Furthermore, educators can learn at their own pace and on their own time. Timely access to information and flexibility add to the potential of technology to address the professional development challenge.
The use of technology has greatly enhanced the traditional live workshop, but it will never replace the one-on-one interaction that is central to effective communication. The workshop provides opportunities to produce together with guidance from an expert and to be challenged cognitively to produce responses to problems. Guidance during the application process can be provided through technology.
Professional Development Must be Partnered with a Strong Curriculum
A research-proven curriculum customized for a diverse student population is a prerequisite for student success. Like many other states, Texas has a standards-based curriculum that must be adhered to by all teachers. Texas tests all of its students on these standards. Students who fail to meet minimum expectations do not graduate or pass to the next grade.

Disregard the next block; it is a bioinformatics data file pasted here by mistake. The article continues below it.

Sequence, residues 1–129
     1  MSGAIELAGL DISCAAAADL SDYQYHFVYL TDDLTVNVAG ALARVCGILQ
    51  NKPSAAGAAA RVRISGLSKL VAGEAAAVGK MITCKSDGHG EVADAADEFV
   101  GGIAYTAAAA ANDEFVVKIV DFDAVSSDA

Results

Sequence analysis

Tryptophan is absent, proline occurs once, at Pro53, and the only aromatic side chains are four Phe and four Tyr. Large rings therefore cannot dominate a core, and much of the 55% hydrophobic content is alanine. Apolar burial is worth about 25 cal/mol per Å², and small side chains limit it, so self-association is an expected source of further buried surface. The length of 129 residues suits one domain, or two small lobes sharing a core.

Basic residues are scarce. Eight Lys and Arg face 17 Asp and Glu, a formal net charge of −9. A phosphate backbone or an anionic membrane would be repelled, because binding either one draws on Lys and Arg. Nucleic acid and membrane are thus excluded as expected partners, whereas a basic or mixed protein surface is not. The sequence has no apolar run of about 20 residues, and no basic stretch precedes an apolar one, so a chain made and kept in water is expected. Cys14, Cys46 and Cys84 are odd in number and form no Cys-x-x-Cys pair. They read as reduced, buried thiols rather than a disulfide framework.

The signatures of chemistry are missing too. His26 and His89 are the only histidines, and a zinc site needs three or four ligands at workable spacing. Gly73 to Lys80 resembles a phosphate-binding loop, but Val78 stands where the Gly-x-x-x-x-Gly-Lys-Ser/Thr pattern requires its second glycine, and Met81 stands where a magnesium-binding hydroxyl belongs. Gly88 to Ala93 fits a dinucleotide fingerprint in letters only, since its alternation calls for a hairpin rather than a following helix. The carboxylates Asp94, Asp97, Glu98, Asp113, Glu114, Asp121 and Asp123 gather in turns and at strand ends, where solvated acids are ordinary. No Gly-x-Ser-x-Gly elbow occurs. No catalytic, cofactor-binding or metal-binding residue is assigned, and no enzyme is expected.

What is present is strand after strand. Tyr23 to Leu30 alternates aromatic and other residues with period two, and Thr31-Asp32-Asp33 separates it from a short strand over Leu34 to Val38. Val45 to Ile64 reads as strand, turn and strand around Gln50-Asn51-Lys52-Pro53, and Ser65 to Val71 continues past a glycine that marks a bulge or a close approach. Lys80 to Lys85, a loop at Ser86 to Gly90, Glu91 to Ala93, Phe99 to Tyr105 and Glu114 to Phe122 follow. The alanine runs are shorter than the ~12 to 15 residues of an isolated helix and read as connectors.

Professional development topics must be connected to these standards and equip teachers to use them to prepare their daily lesson plans. Successful teachers align their teaching to these standards, and their students do well on the state standardized tests.
Professional Development is Critical in an Accountability System
An accountability system that ignores the value of professional development is flawed and is not consistent with what we know about factors that contribute to student success. The No Child Left Behind Act has tightened the requirements by specifying acceptable rates of progress to ensure that all groups of students succeed in school. Student performance data must be disaggregated by poverty, race, ethnicity, disability, and limited-English-proficiency.